Media Putsch Leaves Putin's Popularity Unscathed

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Last Wednesday was deliverance day for Vladimir Gusinsky. When a Madrid court turned down Russia's request to extradite the 48-year-old media magnate on fraud charges — ending his 10-month tussle with Kremlin prosecutors — Gusinsky savored his redemption. Fielding congratulatory calls on three phones at his villa in Sotogrande, he told one well-wisher, "This isn't the end of anything. It's the beginning."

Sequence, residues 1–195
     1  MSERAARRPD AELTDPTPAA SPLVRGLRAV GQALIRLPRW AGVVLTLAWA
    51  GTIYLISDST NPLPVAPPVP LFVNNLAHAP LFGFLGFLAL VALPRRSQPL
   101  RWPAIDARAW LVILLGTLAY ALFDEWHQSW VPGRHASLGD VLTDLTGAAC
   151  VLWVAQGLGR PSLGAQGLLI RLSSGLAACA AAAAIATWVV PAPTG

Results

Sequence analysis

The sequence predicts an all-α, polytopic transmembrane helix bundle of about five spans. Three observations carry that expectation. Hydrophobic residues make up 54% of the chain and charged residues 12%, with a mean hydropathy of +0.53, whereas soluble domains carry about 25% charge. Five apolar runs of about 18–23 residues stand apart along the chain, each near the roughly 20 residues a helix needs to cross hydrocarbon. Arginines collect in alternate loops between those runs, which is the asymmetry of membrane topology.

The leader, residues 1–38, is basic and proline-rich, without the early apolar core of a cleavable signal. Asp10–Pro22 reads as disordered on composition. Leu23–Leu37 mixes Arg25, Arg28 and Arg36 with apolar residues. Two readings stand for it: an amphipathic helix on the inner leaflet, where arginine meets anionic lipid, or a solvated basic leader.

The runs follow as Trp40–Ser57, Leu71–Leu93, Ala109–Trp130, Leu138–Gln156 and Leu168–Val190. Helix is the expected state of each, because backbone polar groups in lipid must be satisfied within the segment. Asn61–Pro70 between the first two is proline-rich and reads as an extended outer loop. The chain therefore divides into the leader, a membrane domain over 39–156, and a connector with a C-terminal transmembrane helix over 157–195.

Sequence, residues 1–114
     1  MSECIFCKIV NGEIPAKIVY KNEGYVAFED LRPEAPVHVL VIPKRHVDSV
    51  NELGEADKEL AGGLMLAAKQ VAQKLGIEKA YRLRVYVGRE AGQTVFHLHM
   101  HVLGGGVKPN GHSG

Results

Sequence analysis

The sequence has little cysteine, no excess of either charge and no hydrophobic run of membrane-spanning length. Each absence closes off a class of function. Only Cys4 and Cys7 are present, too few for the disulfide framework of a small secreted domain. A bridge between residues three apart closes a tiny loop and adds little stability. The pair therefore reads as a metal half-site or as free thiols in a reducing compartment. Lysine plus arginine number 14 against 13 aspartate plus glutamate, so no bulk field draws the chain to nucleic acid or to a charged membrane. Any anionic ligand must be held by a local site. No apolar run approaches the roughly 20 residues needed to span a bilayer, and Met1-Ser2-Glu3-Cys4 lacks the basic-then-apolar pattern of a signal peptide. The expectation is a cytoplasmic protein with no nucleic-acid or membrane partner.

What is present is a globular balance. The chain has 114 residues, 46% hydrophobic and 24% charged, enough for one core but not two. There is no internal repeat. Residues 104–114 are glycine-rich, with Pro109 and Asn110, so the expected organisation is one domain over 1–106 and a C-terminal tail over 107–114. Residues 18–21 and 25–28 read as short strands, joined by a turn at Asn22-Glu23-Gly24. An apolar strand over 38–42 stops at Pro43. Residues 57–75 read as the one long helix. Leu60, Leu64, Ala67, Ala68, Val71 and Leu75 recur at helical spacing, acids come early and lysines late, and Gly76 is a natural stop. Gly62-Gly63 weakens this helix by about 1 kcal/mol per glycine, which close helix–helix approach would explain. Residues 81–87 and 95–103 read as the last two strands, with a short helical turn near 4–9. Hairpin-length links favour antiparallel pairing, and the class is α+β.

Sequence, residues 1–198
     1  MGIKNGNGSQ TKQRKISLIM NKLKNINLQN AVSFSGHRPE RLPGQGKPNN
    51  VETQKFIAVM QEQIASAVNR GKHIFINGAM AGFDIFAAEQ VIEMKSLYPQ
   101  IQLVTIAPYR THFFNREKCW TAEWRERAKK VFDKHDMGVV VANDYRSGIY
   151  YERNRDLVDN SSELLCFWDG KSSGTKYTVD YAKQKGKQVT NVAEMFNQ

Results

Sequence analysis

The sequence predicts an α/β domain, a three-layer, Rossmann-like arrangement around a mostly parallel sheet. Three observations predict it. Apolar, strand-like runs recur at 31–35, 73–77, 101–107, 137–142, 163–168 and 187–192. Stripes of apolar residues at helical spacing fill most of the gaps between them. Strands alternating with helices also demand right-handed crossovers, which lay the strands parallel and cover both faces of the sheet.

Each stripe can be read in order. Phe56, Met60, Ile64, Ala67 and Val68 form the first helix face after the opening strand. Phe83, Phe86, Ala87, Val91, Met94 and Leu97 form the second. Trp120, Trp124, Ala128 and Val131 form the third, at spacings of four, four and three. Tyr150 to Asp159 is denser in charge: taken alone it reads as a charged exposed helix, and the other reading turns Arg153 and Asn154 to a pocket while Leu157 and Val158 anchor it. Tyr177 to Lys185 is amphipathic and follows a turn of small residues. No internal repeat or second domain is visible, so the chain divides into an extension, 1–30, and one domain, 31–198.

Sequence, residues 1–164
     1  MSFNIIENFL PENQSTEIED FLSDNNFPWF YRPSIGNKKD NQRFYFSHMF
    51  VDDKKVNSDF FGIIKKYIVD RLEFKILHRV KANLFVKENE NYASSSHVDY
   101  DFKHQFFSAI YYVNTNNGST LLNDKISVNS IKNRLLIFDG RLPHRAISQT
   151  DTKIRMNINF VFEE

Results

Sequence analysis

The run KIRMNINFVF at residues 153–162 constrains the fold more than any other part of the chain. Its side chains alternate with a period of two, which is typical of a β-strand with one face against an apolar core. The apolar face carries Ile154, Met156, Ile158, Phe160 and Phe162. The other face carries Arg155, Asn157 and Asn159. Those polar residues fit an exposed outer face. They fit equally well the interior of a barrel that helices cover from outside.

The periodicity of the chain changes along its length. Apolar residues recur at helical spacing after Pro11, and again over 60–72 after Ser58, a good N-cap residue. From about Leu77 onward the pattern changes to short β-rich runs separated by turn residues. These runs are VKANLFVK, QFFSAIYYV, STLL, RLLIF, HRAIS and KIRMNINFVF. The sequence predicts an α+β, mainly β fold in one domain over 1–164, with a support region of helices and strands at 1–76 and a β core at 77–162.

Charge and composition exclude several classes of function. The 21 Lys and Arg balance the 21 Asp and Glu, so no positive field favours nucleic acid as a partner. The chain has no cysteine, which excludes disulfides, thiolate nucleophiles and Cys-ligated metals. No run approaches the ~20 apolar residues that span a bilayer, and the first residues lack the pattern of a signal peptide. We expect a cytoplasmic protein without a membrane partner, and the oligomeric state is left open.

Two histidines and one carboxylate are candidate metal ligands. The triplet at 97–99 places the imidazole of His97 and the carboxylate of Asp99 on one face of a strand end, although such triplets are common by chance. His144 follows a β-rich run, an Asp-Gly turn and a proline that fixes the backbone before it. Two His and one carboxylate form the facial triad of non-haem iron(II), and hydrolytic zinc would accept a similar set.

But of what? Even as he basked poolside, Gusinsky knew that the few remaining properties in his once-sprawling Media-Most empire were being liquidated, part of an assault on Russia's independent press carried out by the state-controlled conglomerate Gazprom, but indisputably coordinated in the highest reaches of Vladimir Putin's government. Journalists at Gusinsky's daily newspaper Segodnya and the weekly magazine Itogi received their walking papers Tuesday, and at week's end the embattled entrepreneur announced plans to sell his 49.5 percent stake in NTV, the nationwide TV network he founded in October 1993 that was independent until the week before. Deliverance, Gusinsky swiftly realized, has a price. Full Story...